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Madonna’s Live Computer Confessions

Published: Tue May 15, 2007  News Feed

If the sight of a mature lady pole-dancing on stage during a spectacular live set has you trembling, then the technology behind the recent Madonna tour will really have you shaking. For, while the 48-year-old can certainly cut it in the flesh and put on a show to end all shows, it turns out her entire stage production is also breaking ground in the way computers and modelling technology work in a performance environment.

The main ingredient of any Madonna concert has to be her vocal. On this tour, Madge wanted her live vocal to sound as close as possible to that recorded on the original nine million-selling >Confessions on a Dance Floor< album. Two main hits of technology were used, then: a Focusrite Liquid Mix for sonic consistency; and Apple’s Logic plug-ins to replicate the album sound (>Confessions< was recorded by Madonna and producer Stuart Price using Logic). This created an initially confusing signal path for the main vocal. In order to reach FOH it would ideally need to travel through a Logic environment. Sean Spuehler was responsible for Madonna’s vocal and processing and reveals a ground-breaking use of Logic plus some Focusrite Liquid Channel mastery…

“From Madonna’s Sennheiser mic, went through a Focusrite Liquid Channel. We were using other hardware [preamps] in rehearsal and we were fixed to whatever sound they had. Being able to try different settings beforehand is what we wanted and the best way was with the Liquid Channel – it would give us many options. We would have all the different algorithms that could work instead of being stuck with one.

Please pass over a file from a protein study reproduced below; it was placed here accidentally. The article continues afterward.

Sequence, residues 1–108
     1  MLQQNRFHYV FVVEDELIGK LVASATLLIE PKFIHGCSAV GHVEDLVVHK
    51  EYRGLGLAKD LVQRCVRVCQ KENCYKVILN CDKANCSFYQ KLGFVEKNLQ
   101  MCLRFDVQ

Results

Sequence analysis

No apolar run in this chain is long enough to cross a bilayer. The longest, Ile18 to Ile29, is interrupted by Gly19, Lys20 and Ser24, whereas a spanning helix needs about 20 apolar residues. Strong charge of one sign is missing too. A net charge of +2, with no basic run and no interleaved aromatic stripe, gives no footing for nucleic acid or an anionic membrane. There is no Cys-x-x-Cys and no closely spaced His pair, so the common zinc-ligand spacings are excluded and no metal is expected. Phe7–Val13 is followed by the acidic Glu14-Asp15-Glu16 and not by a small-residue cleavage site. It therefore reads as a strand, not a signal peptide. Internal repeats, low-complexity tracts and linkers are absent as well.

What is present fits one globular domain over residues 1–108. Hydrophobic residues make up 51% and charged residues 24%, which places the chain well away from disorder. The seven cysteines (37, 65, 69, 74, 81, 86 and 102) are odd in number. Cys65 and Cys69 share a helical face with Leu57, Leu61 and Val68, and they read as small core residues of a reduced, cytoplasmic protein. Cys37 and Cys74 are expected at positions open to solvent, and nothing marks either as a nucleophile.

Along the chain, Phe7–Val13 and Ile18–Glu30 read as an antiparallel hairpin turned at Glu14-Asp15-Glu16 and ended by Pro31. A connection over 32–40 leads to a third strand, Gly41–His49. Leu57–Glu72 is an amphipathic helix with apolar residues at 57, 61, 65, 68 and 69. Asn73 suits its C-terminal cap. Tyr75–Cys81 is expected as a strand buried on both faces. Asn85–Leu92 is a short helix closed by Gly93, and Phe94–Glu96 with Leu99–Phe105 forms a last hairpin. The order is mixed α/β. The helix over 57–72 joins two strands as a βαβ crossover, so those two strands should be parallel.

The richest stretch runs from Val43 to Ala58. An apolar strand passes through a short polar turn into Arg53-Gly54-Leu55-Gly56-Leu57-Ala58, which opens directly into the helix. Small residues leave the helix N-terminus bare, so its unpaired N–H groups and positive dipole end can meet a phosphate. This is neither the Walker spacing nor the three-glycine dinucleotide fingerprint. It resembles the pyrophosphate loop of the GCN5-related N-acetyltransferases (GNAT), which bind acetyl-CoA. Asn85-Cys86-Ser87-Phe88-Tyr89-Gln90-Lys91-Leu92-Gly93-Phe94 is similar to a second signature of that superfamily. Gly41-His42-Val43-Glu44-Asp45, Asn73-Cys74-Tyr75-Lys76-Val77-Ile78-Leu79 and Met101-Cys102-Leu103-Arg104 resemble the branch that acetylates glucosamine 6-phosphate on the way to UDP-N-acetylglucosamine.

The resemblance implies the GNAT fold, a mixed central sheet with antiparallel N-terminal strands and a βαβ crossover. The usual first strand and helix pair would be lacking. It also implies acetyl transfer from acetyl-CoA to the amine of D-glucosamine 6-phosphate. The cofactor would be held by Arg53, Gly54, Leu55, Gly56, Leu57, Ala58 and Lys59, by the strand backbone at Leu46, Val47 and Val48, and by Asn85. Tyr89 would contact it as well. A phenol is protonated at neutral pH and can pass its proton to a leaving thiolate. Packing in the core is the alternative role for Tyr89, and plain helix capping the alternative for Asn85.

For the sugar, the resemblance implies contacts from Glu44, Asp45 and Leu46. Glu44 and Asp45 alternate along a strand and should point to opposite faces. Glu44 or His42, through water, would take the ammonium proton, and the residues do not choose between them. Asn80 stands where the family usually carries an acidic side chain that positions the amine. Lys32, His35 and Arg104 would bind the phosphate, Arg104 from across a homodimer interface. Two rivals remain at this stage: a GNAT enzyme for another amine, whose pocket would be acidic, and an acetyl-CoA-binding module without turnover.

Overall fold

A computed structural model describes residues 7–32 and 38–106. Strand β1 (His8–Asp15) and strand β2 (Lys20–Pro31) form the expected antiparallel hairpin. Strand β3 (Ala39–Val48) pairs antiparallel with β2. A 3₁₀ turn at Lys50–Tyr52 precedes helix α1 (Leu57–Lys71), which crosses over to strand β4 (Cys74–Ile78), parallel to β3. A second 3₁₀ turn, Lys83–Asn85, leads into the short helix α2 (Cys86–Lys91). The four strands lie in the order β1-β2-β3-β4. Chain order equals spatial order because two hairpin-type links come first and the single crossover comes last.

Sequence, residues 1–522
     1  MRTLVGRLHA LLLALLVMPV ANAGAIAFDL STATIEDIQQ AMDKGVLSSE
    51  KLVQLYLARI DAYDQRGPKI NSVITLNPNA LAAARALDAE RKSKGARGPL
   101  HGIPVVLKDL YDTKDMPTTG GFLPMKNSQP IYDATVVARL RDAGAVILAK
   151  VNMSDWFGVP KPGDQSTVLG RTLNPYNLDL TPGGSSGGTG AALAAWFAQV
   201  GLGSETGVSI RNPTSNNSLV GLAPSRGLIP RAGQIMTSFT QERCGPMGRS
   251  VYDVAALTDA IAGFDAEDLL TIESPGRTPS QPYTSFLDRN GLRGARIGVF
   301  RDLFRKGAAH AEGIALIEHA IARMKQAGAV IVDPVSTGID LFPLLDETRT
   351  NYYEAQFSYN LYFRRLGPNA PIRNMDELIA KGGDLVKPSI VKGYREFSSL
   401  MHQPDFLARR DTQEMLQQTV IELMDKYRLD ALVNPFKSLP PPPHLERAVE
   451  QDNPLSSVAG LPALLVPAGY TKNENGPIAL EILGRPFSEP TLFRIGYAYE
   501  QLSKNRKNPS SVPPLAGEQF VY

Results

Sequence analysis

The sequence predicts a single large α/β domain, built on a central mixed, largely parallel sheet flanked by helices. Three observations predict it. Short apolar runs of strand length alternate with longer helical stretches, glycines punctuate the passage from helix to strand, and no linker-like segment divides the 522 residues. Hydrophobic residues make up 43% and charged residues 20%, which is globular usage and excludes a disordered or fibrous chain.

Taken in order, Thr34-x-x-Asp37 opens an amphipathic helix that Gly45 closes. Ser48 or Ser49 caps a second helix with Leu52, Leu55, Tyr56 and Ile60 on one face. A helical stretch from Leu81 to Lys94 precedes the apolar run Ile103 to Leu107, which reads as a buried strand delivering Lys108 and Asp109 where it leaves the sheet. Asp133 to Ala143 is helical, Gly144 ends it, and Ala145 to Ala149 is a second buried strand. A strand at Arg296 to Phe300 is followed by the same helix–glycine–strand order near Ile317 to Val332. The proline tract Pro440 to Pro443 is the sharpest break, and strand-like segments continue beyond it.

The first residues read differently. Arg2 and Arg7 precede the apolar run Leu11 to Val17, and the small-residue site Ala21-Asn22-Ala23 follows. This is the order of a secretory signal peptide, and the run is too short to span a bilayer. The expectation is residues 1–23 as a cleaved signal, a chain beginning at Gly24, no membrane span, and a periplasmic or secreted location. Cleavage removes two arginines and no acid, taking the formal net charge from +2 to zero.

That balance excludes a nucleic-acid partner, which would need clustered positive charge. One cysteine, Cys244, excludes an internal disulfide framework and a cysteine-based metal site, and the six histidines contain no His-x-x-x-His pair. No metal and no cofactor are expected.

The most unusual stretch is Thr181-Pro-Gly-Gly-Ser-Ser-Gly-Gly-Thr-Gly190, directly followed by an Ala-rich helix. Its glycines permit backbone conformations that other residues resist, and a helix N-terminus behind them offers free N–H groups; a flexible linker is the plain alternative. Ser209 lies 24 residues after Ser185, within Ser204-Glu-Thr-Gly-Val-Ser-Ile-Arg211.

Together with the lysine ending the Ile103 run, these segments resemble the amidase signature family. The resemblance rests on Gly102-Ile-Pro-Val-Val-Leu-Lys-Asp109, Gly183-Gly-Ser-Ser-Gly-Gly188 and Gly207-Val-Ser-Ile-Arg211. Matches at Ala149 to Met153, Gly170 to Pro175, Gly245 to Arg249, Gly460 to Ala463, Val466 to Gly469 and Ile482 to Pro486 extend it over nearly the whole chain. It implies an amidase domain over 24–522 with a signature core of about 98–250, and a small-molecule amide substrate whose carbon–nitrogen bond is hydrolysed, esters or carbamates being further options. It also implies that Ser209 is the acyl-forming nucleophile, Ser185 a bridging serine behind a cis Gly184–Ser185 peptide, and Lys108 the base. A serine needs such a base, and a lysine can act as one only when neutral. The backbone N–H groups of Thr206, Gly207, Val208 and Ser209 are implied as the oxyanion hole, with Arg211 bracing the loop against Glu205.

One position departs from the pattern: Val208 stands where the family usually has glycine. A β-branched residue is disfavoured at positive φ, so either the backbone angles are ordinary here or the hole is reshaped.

“After finding the right setting for Madonna’s live vocal, the Liquid Channel proved unbelievably reliable. We never had to worry when going from city to city, as it always just worked – 100% reliable.”

So with the Liquid Channel helping to maintain a vocal standard from venue to venue, the real routing fun now starts, with the signal entering the DiGiCo desk, being split and then entering Spuehler’s G5. Now the Logic processing begins to help replicate the original >Confessions< vocal sound. As Stuart Price [on tour as MD] had all of the original Logic files from the album, he could supply Spuehler with the exact vocal processor settings used for each track. Spuehler’s G5 was loaded with Logic and the same effects which could be called up, one by one, as tracks were performed live. The vocal would then simply pass through his computer for processing – an incredible use of Logic and a computer, you might say, and you’d be right. Essentially the G5 was acting as a glorified effects box…

“The vocal would show as one channel on the DiGiCo D5 after going through the Liquid Channel,” Sean says. “Four aux sends [would come out], the same signal four times, and go into Logic, so I was able to add four effects like a reverb, a delay or whatever. Logic was never in ‘play mode’, but used more like a ‘through’. I would have different arrangements in Logic for each song.”

“It makes sense because before with vocal effects we may have been using outboard gear, maybe an Eventide, a physical box, but this is the same thing except with software plug-ins for each song. So it’s the same thing but instead of having your vocal sent to a hardware unit it’s going to an audio interface and then Logic.”